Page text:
The journal Children and Youth Services Review has several articles forthcoming that are of clinical importance in child protection.
Daniel has an article, "Fostering cultural development: Foster parents’ perspectives" which is a qualitative review done with a small group of foster parents in two Canadian provinces. It looks at trans racial foster care. This is quite important as there is a shortage of non-caucasian foster homes while there is a far greater representation of non-caucasian children, particularly Aboriginal children, in foster care. She concludes, "The core theme that emerged, based on my interpretation of 9 participants responses, was that foster parents were ‘fostering cultural development’ in their homes as well as their respective communities." While the study is small, it is a look at an under studies issue in Canada.
In another study forthcoming in this journal, Grant and her colleagues will publish "Maternal substance abuse and disrupted parenting: Distinguishing mothers who keep their children from those who do not". This is such an important topic as substance abuse issues are so prevalent in child protection populations. They note, "Mothers who have substance abuse disorders typically have psychosocial characteristics that put them at risk for poor or disrupted parenting, including experiences of early childhood neglect and abuse." Reunification efforts with this population can be challenging. "A significant body of research has examined the role of service delivery in family reunification among mothers who have substance abuse problems, and confirms the benefits of comprehensive, multidisciplinary, and accessible services being available and tailored to the mothers’ needs." Multi agency cooperation is key to successful intervention.
Too often I have seen efforts made with one parent the focus (typically the mother) with little attention paid to a partner, particularly if that partner is a part time member of the family unit or not the biological father. This research notes, "...for mothers who completed inpatient treatment the odds of reunification were increased if they also had a partner who was supportive of them staying clean and sober." This research also notes the complex nature of substance base issues and the need to match services with those needs which include such things as mental health services, housing and health needs.
In another Canadian study, Guibord and colleagues from the University of Ottawa wrote, "Risk and protective factors for depression and substance use in an adolescent child welfare sample". The abstract of the article nicely outlines their conclusions and really emphasizes how important caregiver relationships are. "Results from logistic regressions indicated that adolescent females were at higher risk of experiencing depression than males, and increasing age was associated with increased risk for substance use. Turning to protective factors, results indicated that the greater the perceived quality of the youth–caregiver relationship, the lower the risk for mental health difficulties (i.e., depression, substance use). Moreover, participation in extracurricular activities appeared to protect youth against depression or substance use. Results imply that the youth–caregiver relationship and involvement in extracurricular activities are important areas to consider to promote the well-being of maltreated youth in out-of-home care." In essence, creating something stable and approximating a typical developmental trajectory matters. The converse implication is that multiple unstable placements are likely to be high risk for youth.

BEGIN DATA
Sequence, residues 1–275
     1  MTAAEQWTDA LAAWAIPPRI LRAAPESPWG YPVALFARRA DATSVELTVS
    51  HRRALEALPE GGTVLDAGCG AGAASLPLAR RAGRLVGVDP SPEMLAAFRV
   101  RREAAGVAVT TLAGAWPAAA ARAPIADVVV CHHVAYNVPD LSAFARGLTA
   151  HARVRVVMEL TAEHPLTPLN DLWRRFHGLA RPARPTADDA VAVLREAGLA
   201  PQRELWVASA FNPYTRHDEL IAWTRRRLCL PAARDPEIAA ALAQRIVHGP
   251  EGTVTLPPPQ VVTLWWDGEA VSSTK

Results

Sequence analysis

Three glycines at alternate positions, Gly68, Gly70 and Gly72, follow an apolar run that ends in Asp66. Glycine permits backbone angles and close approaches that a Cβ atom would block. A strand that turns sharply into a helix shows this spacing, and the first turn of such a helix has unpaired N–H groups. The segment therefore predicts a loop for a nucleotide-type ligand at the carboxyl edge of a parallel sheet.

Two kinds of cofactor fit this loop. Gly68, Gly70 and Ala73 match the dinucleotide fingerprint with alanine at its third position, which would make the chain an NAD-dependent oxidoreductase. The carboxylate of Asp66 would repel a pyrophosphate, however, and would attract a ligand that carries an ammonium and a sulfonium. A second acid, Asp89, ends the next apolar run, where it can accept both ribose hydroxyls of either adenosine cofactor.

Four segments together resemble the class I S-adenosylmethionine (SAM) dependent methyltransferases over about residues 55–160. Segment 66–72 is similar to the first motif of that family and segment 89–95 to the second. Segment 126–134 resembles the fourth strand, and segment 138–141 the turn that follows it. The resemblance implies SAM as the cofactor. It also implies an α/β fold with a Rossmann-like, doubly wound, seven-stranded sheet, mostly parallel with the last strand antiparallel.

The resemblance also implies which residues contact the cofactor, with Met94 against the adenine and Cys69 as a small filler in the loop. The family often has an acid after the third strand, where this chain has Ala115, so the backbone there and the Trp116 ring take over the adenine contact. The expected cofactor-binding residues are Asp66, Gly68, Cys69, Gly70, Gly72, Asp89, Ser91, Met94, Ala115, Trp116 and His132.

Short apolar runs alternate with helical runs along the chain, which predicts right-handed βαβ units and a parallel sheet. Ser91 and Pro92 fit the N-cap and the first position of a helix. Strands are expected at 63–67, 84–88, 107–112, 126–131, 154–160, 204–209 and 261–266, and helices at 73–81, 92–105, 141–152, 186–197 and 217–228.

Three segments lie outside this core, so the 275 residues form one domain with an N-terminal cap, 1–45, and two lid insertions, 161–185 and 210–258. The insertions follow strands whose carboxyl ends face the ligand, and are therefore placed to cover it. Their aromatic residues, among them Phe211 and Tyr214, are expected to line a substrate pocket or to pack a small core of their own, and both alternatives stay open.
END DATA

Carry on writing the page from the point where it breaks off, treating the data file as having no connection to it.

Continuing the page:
I was also fascinated with another study given work that I do with adolescents with substance dependency problems and their families. Hornberger and Smith have an article upcoming, "Family involvement in adolescent substance abuse treatment and recovery: What do we know? What lies ahead?" They conclude "amily involvement should be an essential part of intake, treatment, and recovery planning, as well as the foundation for effective parent–professional partnerships." I would go further based on my own research that is about to be published in Procedia in which I note that families also need treatment to help with the impact of substance abuse problems on family functioning. I particularly like Hornbereger and Smith's conclusion "The goal of family involvement is not only to involve families in the treatment process, but also to develop collaborative partnerships that bring the expertise, resources, and experiences of families and professionals together. Such collaborative partnerships are necessary to help adolescents and their families not only understand the disease of addiction but engage in treatment, sustain recovery, and heal from the impact of substance abuse. In treatment, when families and professionals work together in the best interests of the adolescent and impacted family members, positive outcomes occur. When there is increased family involvement, family members have greater owner- ship of the treatment plan, which in turn increases their motivation and participation, and thereby improves outcomes."
In yet another important piece of research to be published, Jones looks at foster care youth in the 3 years after moving to adulthood. She notes " Factors which facilitated successful adaptations were: a period of transitional residence after foster care, good support systems including family and former social workers, and a commitment to further education." This emphasizes other research that transitional supports are so needed. Given that children growing up in biological homes require support to adulthood why would we think it would be any different for foster children who typically face greater odds.
Good research helps us to have better clinical interventions. These articles add to our knowledge.